I’ll be there. If you can’t be, and there’s anything you’d like me to ask her, let me know and I’ll try.

Posted in Personal, Politics | Tagged: , | 1 Comment »

My cardboard cutout Congresswoman

Posted by James McPherson on August 2, 2011

Along with a small group of other folks, I stopped by the office of my U.S. representative, Cathy McMorris Rodgers, today to complain about the new debt reduction “deal” and the hijacking of the democratic process that Republican Tea Party sypathizers used to force Democrats into deal–while doing their damndest to assure that the economy would suffer further, and that it cannot recover enough to benefit Barack Obama in 2012. (Congressional Dems and Obama have also repeatedly proven themselves to be essentially gutless negotiators, of course.)

The Congresswoman wasn’t in her local office, of course, and we didn’t expect her to be. But we’ve seen plenty of her, and so have you–that’s  her in the photo, with House Speaker John Boehner, the one place where her constitents know they can find her virtually any time Boehner speaks on TV.

McMorris Rodgers never speaks. She just stands there, like a cardboard cutout, perhaps to make it appear as if Republicans care about women. Her “YouTube channel” consists of a single video, in which she is being interviewed by… oh, go ahead, I’ll bet you can guess… Fox News.

Unfortunately McMorris Rodgers also is about as thoughtful as a cardboard cutout. She votes in lockstep with the most conservative Republicans, has willingly forfeited whatever reasoning process she might be tempted to use by signing Grover Norquist’s silly tax pledge, and sometimes co-signs legislation generated by others. But as far as generating ideas of her own? In six years, my Congresswoman has introduced 34 bills, only four of which have made it out of committee–and NONE of which have passed.

In our conversation with the aide, I incorrectly said Cathy had introduced 32 bills, but he helpfully pointed out that she had introduced two more just a couple of days ago. And–perhaps surprisingly, for a Republican–these bills actually call for funding something related to science. The fact that they are related to Down syndrome (admittedly, one of many worthy medical causes) means they are more related to the Congresswoman’s own situation than to that of the vast majority of her constituents.

I don’t know where Cathy was today–probably on call in case Boehner was able to find a camera. But officially she had gone on recess for the next five weeks. And since Congressional Republicans also tried to kill unions in exchange for funding the FAA,  some 4,000 airline employees and thousands of construction workers will be without work. Remember how Republicans kept saying their primary concern was about jobs?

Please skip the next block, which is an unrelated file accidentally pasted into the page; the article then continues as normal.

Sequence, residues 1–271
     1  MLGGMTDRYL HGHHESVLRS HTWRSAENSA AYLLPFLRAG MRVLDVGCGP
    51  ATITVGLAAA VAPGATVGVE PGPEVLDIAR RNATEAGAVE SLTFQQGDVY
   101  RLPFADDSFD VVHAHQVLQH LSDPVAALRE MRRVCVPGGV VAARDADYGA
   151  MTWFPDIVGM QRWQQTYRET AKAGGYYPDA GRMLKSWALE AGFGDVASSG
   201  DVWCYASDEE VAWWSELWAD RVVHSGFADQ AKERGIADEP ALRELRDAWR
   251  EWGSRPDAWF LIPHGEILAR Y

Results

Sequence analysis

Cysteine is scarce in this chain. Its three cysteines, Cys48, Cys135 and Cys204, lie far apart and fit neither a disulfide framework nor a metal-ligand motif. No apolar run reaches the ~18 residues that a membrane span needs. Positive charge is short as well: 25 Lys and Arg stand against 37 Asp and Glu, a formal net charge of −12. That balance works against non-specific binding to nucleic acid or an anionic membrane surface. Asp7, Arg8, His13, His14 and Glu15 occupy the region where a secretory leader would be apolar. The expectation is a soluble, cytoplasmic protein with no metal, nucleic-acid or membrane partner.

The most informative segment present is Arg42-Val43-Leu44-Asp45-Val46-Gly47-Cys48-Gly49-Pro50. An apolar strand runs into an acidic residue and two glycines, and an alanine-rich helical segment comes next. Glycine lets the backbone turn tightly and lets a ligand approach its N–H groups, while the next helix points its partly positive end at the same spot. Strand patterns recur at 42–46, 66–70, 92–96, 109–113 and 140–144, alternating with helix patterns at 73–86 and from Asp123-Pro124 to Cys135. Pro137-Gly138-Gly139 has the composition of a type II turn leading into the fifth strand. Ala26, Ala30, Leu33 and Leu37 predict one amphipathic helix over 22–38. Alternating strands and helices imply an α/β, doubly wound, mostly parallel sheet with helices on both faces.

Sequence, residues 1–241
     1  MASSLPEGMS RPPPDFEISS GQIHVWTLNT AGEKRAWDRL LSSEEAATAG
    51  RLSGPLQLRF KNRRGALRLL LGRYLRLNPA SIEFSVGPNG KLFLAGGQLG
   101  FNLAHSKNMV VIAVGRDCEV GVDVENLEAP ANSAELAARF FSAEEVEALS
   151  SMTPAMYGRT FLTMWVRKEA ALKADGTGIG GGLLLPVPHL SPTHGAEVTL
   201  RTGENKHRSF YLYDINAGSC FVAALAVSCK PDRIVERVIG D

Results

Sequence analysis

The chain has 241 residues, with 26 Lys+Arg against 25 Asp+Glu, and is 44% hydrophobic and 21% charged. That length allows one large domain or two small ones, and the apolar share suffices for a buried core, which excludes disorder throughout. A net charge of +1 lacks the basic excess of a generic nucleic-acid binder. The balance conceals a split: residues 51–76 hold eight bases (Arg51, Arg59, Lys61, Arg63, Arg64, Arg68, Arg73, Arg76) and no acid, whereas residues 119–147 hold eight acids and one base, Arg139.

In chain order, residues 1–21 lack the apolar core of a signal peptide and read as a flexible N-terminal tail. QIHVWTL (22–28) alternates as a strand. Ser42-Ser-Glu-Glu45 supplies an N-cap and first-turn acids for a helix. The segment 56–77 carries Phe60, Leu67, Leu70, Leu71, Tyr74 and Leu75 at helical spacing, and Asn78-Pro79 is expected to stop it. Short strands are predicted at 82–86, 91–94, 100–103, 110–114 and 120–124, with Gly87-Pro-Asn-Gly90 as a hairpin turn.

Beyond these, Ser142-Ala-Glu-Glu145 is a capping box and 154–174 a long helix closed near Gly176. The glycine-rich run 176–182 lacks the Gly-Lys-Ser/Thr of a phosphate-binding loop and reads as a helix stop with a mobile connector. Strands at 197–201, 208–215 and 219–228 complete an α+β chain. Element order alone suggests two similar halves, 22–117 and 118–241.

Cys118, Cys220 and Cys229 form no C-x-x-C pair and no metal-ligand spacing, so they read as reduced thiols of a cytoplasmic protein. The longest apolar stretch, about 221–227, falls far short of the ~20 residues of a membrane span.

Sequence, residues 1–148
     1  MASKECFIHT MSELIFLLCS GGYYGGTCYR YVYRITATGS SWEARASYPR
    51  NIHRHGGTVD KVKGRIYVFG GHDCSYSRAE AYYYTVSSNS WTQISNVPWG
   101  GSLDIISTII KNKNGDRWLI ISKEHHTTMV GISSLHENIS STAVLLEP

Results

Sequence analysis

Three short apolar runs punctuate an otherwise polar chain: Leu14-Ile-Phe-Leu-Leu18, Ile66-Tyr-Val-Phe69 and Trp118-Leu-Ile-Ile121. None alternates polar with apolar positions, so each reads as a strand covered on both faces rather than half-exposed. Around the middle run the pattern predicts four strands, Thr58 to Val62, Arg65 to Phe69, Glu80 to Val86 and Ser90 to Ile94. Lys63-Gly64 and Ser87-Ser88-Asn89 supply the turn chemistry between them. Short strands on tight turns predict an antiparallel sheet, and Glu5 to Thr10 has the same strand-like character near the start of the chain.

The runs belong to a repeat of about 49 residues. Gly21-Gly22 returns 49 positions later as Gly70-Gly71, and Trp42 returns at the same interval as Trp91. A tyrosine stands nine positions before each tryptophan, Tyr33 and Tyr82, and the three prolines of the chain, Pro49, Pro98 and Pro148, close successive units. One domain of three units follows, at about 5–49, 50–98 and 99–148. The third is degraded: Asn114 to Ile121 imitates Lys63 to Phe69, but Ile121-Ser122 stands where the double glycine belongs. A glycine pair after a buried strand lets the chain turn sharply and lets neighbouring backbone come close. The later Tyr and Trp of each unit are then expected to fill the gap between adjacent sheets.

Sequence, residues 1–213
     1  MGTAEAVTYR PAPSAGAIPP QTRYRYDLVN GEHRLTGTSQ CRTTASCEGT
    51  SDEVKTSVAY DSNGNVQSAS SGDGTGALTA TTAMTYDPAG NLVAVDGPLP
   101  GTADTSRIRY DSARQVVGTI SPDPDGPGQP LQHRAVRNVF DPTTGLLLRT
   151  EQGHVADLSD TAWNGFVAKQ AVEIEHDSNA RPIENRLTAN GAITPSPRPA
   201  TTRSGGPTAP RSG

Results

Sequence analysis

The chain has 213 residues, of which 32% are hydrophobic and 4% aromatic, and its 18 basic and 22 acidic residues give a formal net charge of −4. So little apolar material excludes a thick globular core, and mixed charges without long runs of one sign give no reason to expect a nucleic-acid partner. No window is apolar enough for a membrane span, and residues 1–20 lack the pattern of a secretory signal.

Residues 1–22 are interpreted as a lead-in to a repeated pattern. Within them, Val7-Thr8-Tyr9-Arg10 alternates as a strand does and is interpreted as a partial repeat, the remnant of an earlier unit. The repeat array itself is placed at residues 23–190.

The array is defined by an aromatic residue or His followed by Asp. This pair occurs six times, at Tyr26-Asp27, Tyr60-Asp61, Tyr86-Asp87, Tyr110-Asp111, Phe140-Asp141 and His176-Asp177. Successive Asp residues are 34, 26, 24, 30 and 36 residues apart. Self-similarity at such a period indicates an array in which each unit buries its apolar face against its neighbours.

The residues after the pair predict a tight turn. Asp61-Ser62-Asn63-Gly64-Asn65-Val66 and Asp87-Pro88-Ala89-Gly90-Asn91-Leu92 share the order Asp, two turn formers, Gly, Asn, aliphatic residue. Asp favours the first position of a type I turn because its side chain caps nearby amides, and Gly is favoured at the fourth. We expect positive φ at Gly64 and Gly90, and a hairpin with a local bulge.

Today some of her constituents asked if Cathy would be having any town hall meetings during the recess, and an aide assured that she “planned to,” but “none have been scheduled yet.” I’ll be pleasantly surprised–hell, I’ll be amazed–if she has the guts to host one in which opponents can question her, even in this deeply red district. After all, she offers only vague, often irrelevant, sometimes condescending responses to emails and letters–responses that we pay for, of course.

The aide was a nice young man, but despite knowing about her two most recent bills he didn’t seem to be all that well informed about his boss–not knowing that she had signed the Norquist pledge, for example. On the other hand, he’s probably as well informed as Cathy, and he doesn’t have Boehner to tell him what to think.

When someone asked why McMorris Rodgers was such a fan of Exxon, the aide replied, “I don’t think we’ve ever had anyone from Exxon in here.” Well, duh–I doubt that oil executives drop by an office in the outer reaches of the country, especially when that office isn’t frequented by the member of Congress. But the fact remains that Exxon-Mobil is one of McMorris Rodgers’ top donors for the 2012 campaign now underway.

Her top donor during her time in Congress? The billionaire Koch brothers-funded, union-gutting, right-wing Club for Growth. I’ll bet she talks to them, even if she won’t speak to her constituents.

Next-day addendum: Not surprisingly, I wasn’t the only one to notice McMorris Rodgers’ hypocrisy. Spokesman-Review columnist Shawn Vestal had a piece about it this morning. I was briefly more excited about another Spokesman headline: “Feds announce turkey recall.” Sadly, the story turned out not to be about the new budget agreement.

Posted in Politics | Tagged: , , , , , | 9 Comments »